Focus on the middle of your story

  • Write a sketchy opening today e.g. [Scene: Woman, alone in her living room. There’s a knock at the door…]
  • Create an ‘inciting incident’ AKA “Something that happens to change things” and have your character react to it, in a way that’s not helpful.
  • Start to topple the dominos from that initial incorrect reaction.
  • Write a sketchy ending. You can fix this up later. Focus on making the middle work!

Leave a comment and let us know how it went today.

2019 Day 12 – Dialogue

How did you get on yesterday? Did you write a story?

Remember, set your own rules, and stick to them. If you miss a day, don’t try to catch up. Just keep moving forward!

The Prompt

Write A story centered on dialogue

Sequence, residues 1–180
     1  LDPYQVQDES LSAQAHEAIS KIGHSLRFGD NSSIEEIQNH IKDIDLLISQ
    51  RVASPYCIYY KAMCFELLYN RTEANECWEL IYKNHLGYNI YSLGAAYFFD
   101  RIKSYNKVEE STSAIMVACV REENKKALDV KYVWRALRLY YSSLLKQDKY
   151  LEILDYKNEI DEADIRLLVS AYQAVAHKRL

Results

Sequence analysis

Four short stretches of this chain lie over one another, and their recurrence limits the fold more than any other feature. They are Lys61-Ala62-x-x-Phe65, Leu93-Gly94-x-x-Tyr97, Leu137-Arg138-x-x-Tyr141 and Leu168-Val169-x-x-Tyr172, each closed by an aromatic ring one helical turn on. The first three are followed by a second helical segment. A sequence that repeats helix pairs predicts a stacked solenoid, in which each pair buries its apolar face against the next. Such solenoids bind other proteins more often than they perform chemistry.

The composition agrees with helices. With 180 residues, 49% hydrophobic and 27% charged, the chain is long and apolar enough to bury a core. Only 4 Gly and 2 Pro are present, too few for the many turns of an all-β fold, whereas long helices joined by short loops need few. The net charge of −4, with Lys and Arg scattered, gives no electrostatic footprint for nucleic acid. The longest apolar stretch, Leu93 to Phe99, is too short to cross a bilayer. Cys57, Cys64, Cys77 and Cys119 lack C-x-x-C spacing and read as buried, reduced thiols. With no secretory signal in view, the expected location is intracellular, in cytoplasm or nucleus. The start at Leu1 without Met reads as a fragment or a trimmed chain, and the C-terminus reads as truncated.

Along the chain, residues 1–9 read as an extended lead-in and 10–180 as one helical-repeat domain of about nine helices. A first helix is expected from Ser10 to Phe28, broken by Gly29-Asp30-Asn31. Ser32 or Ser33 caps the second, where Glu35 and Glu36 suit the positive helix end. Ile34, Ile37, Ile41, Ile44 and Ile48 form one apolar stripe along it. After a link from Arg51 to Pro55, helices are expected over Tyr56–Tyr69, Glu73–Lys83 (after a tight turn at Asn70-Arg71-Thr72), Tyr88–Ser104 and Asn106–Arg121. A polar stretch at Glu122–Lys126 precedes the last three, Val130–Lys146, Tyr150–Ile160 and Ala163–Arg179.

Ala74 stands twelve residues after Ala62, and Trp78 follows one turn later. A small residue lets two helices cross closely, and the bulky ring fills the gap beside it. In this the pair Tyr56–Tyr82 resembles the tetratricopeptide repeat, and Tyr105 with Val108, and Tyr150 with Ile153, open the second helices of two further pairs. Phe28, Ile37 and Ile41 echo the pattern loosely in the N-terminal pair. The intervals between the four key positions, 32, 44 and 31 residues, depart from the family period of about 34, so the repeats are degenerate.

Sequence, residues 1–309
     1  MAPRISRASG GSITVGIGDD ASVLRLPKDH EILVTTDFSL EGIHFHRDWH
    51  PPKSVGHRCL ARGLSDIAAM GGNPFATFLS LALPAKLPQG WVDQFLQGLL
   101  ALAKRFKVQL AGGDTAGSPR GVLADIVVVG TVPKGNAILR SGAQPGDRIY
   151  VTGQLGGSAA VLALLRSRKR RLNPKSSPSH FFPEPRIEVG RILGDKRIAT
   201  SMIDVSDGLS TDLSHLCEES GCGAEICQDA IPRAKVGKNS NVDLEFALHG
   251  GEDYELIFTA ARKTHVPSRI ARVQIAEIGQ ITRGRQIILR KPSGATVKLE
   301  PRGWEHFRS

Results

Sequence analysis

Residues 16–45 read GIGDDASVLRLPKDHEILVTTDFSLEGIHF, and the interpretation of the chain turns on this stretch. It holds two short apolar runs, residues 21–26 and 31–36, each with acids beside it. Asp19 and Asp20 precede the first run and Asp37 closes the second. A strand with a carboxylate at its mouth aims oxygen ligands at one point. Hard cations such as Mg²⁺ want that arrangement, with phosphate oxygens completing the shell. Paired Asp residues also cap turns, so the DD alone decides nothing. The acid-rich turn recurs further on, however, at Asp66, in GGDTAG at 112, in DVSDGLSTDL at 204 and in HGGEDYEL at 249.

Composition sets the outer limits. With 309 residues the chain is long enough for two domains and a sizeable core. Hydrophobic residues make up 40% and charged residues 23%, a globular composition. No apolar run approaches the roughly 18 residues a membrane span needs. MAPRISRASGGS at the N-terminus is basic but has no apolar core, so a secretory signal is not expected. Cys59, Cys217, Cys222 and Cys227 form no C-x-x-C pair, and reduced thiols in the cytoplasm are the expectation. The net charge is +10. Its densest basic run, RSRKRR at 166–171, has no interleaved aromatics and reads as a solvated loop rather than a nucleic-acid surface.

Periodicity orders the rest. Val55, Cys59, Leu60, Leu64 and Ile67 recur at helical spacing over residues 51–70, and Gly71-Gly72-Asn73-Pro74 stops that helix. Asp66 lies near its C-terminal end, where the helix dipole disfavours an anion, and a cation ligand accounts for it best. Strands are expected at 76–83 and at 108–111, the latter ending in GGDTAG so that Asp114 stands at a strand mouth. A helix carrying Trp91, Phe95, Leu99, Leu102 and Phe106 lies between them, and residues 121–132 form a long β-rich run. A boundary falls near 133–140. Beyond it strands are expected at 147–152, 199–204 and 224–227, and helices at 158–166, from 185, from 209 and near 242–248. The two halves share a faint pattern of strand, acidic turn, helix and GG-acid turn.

This is an antidote to yesterday’s description-heavy story.

Make sure to make your characters sound like real people, not actors on a stage reading soliloquies.

Go!

Check back every day for more prompts, and don’t forget to come back and leave a comment to celebrate your writing successes, every day!

129 – Motivation for May

11 days into StoryADay May 2019 and things might not be going quite as you planned, in your writing.

In this episode I share some strategies for saving your StoryADay May 2019, and share some feedback from other writers who are engaged in the challenge. 

Also: I absolve you of any guilt for past writing sins and encourage you to stride into the future with a clean conscience!

LINKS:

StoryADay/NaNoWriMo Livestream: https://stada.me/ywp-flash

Save Our StoryADay emergency post: https://stada.me/sos

It’s another new episode of the StoryADay Podcast